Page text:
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Thursday, September 28, 2017

Self-Efficacy and Success

Hello, Readers. Last week, I had a wonderful conversation with Caroline Adams Miller (CAM) of Getting Grit, which I look forward to sharing with you in detail soon. Today, I’ll share a snippet that I particularly enjoyed. I particularly enjoyed it, I must admit, because it supported one of my planks of success, the importance of like-minded others to success.

In her book, CAM writes, “How can anyone say they are self-made.” We spoke about the importance of Mastermind groups to help people define, act on, and be accountable for their goals. So I told her that I considered this one of the essential planks in my scaffolding of success, the plank of loving mirrors or like minded others to help us succeed. I told her I had felt this was important, but I had come across the term loving mirrors in a very poppy pop-psychology book, so I wasn’t sure it was an officially sanctioned Term of Usage.

Well, as soon as I described this term to her, CAM said, “Oh, that’s Self-Efficacy Theory” by Albert Bandura. She suggested I listen to an interview he gave recently on a podcast , and so I did.

Who is Albert Bandura and where has he been all my life, you ask? Well, he’s my father’s age, ninety-two, and so, he’s actually been here. Since 1925. While he lives in the US, and taught most recently at Stanford, he hails from Canada. Of course. He came to the US decades ago, however, and he has been ever since doing psychology. and racking up star points in the firmament of psychology. People claim he’s up there in importance with Freud, Jung, and Adler.

Who knew? CAM knew, for one. And now we all do.

What first made Bandura famous was his social learning theory that human behavior is transactional. In other words, motivations don’t all come from within, which was what the prevailing Freudian (libido) and Adlerian (power) view of psychology was when he began to study. We are influenced by our environment, by other people, and by what is in our heads, and we influence those things. The experience is transactional. It is what he called triadic.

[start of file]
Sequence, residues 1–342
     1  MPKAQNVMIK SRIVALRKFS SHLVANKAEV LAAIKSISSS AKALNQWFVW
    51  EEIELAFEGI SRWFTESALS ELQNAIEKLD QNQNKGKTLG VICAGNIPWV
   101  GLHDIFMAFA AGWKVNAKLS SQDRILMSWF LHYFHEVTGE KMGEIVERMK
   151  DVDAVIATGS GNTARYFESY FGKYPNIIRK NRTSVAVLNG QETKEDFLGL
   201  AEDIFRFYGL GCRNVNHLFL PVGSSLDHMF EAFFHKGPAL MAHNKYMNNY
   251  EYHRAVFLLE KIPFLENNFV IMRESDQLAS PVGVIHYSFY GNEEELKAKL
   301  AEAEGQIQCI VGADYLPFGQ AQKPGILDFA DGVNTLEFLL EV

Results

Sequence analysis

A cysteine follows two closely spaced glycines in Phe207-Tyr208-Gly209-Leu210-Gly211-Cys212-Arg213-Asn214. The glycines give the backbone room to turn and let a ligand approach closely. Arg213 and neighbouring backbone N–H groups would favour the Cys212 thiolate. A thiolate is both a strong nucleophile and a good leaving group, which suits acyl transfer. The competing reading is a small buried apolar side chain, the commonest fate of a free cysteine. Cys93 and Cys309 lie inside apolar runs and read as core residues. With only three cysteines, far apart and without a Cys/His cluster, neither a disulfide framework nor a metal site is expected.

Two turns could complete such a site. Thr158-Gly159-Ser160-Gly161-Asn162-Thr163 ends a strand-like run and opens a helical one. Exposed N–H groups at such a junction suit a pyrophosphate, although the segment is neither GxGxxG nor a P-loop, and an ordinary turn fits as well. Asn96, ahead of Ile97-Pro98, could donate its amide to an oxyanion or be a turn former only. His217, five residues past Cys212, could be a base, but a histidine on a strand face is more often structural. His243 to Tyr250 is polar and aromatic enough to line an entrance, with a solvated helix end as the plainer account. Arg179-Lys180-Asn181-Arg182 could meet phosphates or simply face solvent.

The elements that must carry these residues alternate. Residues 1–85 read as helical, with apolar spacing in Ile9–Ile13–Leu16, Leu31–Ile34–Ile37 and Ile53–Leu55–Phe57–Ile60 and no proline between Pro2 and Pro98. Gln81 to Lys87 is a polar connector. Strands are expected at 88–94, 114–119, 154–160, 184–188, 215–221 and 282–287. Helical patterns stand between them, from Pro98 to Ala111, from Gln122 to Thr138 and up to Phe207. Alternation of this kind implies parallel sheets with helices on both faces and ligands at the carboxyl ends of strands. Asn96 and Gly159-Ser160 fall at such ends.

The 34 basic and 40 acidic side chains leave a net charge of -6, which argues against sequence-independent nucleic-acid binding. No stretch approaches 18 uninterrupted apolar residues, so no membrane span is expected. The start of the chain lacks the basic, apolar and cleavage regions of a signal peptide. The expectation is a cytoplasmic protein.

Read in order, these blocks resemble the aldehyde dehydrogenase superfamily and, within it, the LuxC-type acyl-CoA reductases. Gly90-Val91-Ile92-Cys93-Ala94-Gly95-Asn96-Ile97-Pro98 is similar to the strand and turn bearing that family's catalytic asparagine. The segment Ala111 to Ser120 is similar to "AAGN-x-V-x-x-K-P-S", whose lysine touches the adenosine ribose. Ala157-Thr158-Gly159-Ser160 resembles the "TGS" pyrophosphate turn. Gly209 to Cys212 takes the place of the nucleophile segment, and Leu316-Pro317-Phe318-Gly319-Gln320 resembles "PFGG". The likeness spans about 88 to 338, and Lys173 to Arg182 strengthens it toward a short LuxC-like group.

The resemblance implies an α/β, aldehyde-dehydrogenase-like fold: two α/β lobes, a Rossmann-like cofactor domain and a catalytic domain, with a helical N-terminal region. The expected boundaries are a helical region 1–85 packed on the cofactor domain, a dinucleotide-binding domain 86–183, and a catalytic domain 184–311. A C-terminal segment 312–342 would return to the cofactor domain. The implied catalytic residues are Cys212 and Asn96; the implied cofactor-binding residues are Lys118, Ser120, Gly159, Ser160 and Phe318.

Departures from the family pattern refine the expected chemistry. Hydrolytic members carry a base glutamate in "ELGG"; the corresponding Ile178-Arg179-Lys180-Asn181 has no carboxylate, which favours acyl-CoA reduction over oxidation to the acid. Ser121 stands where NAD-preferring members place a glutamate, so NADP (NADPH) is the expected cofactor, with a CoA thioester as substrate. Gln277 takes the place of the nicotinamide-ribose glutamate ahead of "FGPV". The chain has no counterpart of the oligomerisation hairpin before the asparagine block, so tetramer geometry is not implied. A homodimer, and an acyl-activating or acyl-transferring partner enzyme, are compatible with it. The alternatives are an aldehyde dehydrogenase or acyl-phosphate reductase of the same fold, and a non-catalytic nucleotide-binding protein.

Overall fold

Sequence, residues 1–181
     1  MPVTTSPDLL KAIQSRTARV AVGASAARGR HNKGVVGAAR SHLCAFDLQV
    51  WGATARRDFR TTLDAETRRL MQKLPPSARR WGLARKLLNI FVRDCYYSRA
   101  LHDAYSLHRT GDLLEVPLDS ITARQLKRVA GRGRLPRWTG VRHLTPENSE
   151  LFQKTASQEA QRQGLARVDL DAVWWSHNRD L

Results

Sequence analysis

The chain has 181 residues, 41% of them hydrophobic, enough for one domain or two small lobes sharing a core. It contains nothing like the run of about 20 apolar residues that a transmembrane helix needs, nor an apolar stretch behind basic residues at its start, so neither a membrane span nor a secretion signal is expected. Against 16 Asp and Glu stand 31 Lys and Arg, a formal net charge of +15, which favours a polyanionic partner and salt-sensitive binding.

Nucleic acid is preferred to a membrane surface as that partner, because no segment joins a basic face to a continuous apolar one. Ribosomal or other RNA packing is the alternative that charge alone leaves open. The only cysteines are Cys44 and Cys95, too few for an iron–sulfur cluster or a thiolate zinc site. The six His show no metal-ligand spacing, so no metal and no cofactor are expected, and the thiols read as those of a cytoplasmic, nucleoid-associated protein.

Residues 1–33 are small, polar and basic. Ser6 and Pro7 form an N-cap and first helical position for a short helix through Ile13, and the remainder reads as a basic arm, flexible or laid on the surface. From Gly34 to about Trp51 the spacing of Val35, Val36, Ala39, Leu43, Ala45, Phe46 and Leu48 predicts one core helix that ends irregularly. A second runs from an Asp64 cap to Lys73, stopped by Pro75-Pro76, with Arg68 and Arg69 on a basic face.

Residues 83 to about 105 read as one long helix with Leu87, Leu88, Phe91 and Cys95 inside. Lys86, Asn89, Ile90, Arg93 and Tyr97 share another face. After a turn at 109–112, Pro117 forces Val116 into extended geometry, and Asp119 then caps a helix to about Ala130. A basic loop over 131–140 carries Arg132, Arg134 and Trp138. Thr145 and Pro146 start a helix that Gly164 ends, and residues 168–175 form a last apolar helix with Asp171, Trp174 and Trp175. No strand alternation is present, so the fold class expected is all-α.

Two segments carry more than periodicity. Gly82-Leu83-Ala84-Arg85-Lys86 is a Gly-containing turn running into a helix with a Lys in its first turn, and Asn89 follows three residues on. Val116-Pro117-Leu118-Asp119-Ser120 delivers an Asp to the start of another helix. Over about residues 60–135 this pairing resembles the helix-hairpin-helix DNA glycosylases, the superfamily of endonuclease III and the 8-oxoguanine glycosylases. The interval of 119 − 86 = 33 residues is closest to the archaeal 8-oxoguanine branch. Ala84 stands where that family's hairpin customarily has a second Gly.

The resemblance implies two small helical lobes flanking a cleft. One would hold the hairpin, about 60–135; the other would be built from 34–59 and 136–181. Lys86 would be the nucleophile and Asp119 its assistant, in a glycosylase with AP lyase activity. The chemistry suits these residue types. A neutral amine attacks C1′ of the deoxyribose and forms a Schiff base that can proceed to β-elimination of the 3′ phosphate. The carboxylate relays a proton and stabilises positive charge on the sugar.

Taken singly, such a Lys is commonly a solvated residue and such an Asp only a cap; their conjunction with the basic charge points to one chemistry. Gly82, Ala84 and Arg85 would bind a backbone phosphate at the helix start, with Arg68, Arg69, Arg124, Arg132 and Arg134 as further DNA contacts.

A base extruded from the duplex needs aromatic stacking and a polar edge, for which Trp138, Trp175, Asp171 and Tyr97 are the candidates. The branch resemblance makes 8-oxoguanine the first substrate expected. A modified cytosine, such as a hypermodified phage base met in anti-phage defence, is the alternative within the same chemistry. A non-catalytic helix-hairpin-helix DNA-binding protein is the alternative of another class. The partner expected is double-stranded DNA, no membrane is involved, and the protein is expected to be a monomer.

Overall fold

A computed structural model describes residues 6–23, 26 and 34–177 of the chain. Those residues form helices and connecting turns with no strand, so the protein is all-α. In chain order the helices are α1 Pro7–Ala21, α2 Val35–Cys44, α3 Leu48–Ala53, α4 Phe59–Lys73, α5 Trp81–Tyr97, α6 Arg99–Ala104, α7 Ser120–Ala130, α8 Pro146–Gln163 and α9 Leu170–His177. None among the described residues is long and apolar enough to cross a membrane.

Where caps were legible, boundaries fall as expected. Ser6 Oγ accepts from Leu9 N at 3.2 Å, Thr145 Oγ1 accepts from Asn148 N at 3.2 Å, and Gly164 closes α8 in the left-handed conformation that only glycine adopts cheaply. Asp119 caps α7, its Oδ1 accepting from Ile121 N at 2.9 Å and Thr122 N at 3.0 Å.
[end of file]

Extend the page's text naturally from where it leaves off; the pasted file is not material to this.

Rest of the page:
This reminds me of an incident with the plumber the other week. The husband tried to snake the tub drain, but to no avail. So I called the plumber. You know plumbers. They charge you $100 to step over the threshold, and it goes up from there.

Well, the plumber arrived. We chatted for a few moments. He was particularly talkative. School, kids, dogs all came up. Then he mentioned that he liked my bumper sticker. 

He said, “Now I’m not going to get political, but I just want to say I hate those nasty bumper stickers.”

I agreed. I said, “I don’t mind a positive bumper sticker, but a negative, hostile one - no thanks.”

He said, “Yeah. I mean, maybe you don’t like the guy, but he’s the President, so you know.”

I said (to myself), Oh, he voted for He Who Shall Not Be Named. Out loud I said, “The negativity is just not helpful.”

Then the plumber spent a good twenty minutes snaking the tub. I spent a good twenty minutes scrolling through my social media feeds and otherwise being feckless.  When I heard him come downstairs, I returned to the front hall with my checkbook. He was halfway out the door.